Five Social Software Predictions for 2010 and Beyond
Listed here are five ways in which social media and social software will evolve to exert its influence on the enterprise. The predictions focus on offerings ranging from team collaboration to dynamic social networking applications that offer rich profiles and activity streams.
"A lot has happened in a year within the social software and collaboration space. The growing use of platforms such as Twitter and Facebook by business users has resulted in serious enterprise dialogue about procuring social software platforms for the business,” said Mark R. Gilbert, research vice president at Gartner and co-chair of the Portals, Content and Collaboration (PCC) Summit. “Success in social software and collaboration will be characterized by a concerted and collaborative effort between IT and the business.”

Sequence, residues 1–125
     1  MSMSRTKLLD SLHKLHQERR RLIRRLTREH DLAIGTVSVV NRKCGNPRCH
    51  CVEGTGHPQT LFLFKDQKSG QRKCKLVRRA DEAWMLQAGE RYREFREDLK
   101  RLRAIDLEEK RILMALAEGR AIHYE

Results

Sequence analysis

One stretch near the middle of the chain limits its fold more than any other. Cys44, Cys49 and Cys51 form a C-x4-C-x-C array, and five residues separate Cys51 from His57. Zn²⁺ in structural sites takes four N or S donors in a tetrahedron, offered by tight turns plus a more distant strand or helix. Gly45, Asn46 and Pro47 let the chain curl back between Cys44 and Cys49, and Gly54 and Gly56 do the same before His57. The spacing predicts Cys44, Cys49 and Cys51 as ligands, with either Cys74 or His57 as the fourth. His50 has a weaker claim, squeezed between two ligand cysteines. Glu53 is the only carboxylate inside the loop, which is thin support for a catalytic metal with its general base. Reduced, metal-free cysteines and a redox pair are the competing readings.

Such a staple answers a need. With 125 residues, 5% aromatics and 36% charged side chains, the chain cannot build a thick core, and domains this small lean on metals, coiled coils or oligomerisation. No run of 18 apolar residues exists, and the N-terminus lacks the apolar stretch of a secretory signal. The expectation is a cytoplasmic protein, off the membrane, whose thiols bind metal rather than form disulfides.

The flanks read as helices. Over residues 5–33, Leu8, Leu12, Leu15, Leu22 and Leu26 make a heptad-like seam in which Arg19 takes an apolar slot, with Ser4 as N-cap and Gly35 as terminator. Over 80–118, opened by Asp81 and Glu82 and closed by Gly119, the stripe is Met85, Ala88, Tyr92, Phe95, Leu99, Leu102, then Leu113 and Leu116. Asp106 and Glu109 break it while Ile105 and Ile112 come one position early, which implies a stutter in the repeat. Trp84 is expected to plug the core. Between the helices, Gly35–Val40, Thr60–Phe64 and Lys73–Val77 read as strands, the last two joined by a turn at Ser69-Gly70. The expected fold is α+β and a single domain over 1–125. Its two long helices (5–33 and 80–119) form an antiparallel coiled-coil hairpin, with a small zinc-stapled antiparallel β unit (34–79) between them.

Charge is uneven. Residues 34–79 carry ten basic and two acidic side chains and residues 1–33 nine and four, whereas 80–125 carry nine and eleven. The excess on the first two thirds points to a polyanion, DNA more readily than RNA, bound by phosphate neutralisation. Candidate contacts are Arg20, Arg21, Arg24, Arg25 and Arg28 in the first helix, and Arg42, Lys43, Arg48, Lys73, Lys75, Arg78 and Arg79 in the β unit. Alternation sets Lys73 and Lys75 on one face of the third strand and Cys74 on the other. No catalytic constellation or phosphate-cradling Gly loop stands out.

So here are the five key predictions for social software:
1. Social networking services will replace e-mail as the primary vehicle for interpersonal communications
2. Enterprises will use popular social activity streams but with lower penetration
3. A majority of IT-dominated social media initiatives will fail through 2012
4. Collaboration and communications apps designed on PCs will increasingly imitate similar mobile applications
5. Enterprises will routinely reduce utilising social network analysis to improve performance and productivity
By 2014, social networking services will replace e-mail as the primary vehicle for interpersonal communications. Greater availability of social networking services both inside and outside the firewall, coupled with changing demographics and work styles will lead 20 percent of users to make a social network the hub of their business communications. During the next several years most companies will be building out internal social networks and/or allowing business use of personal social network accounts. Social networking will prove to be more effective than e-mail for certain business activities such as status updates and expertise location.